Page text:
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How many doctors does it take to change a light bulb? Steve Doherty October 2006.

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Presentation on theme: "How many doctors does it take to change a light bulb? Steve Doherty October 2006."— Presentation transcript:

1 How many doctors does it take to change a light bulb? Steve Doherty October 2006

2 A History of change James Lancaster East India company 1591 and 1601

3 An orange a day keeps the doctor away James Lind Experiments on scurvy in 1747

4 Well maybe not … Results published in 1754 Not used by Royal nave for over 40 years

5 Louis and Leeches

6 But that ’ s all ancient history … “ Failure to translate research evidence into clinical practice is one of the two major barriers preventing benefit from the biomedical sciences. ” Sung et al. Central challenges facing the national clinical research enterprise. JAMA 2003;289:1278-87

7 Overview History of knowledge translation Change is difficult Change is needed Effects of our attempts …

8 The History of Knowledge Translation

9 Guidelines An important component in summarising evidence from research. Developed by many different organisations. Many different formats.

10 Guideline Implementation Time and money spent on developing guidelines Guidelines don ’ t implement themselves

11 Guideline Implementation Guideline dissemination strategies generally involve little money, little time, little effort and little expertise.

12 Guideline Implementation CEC pilot study.

13 The challenge of change > 10 000 new trials on medline each year Traditional approaches – mail outs, conferences, review articles will only produce limited change. Grol,and Grimshaw Lancet 2003;362:1225-1230

14 So how do we effect change in our department! Busy ED ~ 40 000pa Many challenges / barriers.

15 Challenges Department with relatively few senior medical staff Rotating junior staff High numbers of short term locums Night locums Inability to allocate nursing staff for all beds

16 Challenges No formal orientation for locum staff hence guideline awareness “ hit and miss ” Increasingly high nursing staff turn over and hence loss of continuity. No formal nursing education program / meetings.

17 Challenges No dedicated (to the ED) quality improvement or data collection staff. EDIS, via keywords, unable to generate guidelines or remind staff to use them The likelihood, that these changes will not be sustained.

18 Does “ the evidence ” help? Grimshaw et al Systematic review of 235 evaluations of guideline dissemination 86% showed improvement with compliance Overall improvement was 10%

19 Attempted change Most effective strategies Reminders How do you implement a reminder What form? Education Audit and feedback. By who and how often

20 Evidence also exists for … Focusing on the organization and processes rather than just the individual clinician Opinion leaders Characteristics of the guideline Clear planning Identification of evidence-practice gaps Identification of barriers Involvement of targeted group Clear expression of desired behaviour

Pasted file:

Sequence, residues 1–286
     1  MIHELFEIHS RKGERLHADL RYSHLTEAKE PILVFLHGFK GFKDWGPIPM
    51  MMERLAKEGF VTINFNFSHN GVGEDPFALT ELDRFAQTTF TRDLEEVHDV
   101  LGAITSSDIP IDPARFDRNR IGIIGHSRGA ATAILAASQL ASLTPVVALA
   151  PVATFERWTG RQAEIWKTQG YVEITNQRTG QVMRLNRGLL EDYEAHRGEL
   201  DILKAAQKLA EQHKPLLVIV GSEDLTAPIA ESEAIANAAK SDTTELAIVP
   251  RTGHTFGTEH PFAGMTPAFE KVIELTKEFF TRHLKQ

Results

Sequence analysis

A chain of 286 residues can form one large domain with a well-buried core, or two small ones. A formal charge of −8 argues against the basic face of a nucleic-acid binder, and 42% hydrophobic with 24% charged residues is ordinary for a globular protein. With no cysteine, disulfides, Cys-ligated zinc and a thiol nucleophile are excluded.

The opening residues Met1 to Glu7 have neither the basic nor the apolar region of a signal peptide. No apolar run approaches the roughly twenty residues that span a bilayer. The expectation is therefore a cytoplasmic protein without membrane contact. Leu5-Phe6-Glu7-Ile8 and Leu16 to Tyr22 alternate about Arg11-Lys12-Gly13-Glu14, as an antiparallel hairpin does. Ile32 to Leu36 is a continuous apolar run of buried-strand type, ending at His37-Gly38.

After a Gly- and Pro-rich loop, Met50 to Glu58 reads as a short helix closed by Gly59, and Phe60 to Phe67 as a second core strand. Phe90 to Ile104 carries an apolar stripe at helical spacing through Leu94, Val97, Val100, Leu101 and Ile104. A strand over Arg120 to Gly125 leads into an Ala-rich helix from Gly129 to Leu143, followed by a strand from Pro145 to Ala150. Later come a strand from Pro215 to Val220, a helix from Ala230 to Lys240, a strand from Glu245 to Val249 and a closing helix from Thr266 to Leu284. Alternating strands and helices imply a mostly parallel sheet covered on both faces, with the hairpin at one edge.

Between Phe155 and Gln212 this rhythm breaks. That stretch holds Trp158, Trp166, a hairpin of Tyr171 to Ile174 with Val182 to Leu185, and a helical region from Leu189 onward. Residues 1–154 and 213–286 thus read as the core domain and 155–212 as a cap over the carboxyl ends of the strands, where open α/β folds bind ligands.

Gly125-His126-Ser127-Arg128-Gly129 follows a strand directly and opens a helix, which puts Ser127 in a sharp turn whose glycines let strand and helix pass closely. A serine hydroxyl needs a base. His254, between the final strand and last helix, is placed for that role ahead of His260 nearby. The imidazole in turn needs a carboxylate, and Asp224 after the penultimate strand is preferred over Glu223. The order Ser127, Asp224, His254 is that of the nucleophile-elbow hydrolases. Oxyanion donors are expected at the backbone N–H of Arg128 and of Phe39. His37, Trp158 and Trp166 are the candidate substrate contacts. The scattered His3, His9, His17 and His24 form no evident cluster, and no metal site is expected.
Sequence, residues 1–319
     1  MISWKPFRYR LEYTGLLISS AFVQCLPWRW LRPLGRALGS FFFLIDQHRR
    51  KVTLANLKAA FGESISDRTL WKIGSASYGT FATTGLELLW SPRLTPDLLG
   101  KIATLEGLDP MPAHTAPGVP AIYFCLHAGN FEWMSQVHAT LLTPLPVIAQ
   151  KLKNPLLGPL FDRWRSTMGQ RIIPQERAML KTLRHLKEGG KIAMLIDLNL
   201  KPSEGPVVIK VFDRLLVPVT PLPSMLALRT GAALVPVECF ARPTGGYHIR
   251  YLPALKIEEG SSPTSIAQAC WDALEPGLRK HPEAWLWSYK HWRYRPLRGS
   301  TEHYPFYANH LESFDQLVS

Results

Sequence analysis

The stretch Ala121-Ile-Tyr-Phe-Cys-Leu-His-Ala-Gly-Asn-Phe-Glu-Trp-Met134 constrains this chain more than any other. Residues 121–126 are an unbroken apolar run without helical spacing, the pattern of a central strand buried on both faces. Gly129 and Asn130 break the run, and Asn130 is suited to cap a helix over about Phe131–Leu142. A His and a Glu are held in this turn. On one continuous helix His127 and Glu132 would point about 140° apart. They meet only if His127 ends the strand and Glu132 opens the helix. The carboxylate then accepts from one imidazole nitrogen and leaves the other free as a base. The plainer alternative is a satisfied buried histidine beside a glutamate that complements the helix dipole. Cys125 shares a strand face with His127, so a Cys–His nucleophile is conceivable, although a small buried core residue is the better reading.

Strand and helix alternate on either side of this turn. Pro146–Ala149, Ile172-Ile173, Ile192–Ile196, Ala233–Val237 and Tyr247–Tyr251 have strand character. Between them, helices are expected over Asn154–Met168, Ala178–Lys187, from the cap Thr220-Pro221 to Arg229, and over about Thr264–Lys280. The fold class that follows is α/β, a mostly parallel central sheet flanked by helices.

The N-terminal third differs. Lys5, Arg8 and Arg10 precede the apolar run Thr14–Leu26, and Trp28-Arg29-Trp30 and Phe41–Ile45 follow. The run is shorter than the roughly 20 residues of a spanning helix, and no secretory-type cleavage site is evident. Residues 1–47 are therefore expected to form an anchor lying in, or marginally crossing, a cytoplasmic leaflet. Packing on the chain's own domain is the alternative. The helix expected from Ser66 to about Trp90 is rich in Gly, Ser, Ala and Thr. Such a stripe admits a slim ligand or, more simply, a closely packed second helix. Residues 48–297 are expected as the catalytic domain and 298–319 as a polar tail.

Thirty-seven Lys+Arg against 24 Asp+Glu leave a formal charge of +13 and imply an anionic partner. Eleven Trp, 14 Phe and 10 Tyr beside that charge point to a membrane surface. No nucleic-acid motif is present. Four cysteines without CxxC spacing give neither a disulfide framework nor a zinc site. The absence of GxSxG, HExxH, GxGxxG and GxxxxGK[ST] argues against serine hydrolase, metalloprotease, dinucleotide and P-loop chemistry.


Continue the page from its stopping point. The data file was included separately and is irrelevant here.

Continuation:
21 Guideline characteristics Good evidence Simple, decreases workload Common, important or acute disease Accessible, usable Local champion Available in the front of the medical record




25 Evidence-based Implementation There is sufficient “ evidence ” to guide attempts at changing clinical practice. Our strategy was to appraise this evidence and to apply it to our department.

26 EBM Conscientious, explicit and judicious use of current best evidence in making decisions about the care of individual patients. ”

27 Evidence-based Implementation An analagous triad Best available evidence (on implementing change in practice) Judiciously used (by the implementation team) Applied to an individual department, service etc.

28 Change Is Needed

29 Sore Throat Rate of bacterial infection causing sore throat varies with age 3-13 years 30-40% Other age groups 5-15% BEACH study 4% of all GP presentations (sore throat) prescribing rates of 88% (Australian GP 2001)

30 Sore Throat Clinical Indicators

31 Otitis Media Australia has one of the highest rates of antibiotic prescribing in the world (>90%) The Netherlands the lowest (< 5%) For the same outcomes

32 Asthma 7 clinical indicators across area Assessment of severity Spirometry Spacer use Steroid use STAMPs Ipratropium overuse Antibiotic overuse

33 Assessment of Severity

34 Spirometry

35 Spacer use

36 Steroid use

37 STAMP use

38 Atrovent - Mild

39 Antibiotics

40 7 Clinical Indicators combined

41 Other projects Same strategy has been used for gastro, bronchiolitis, croup, head injury. Some adult equivalents Ottawa rules Applied in small rural district hospitals Future plans Mental health

42 Summary Changing behaviour in a complex organisation is difficult. Evidence exists for some strategies. Addressing “ individuals ” is not the answer – whole systems need to be addressed.

43 The End!

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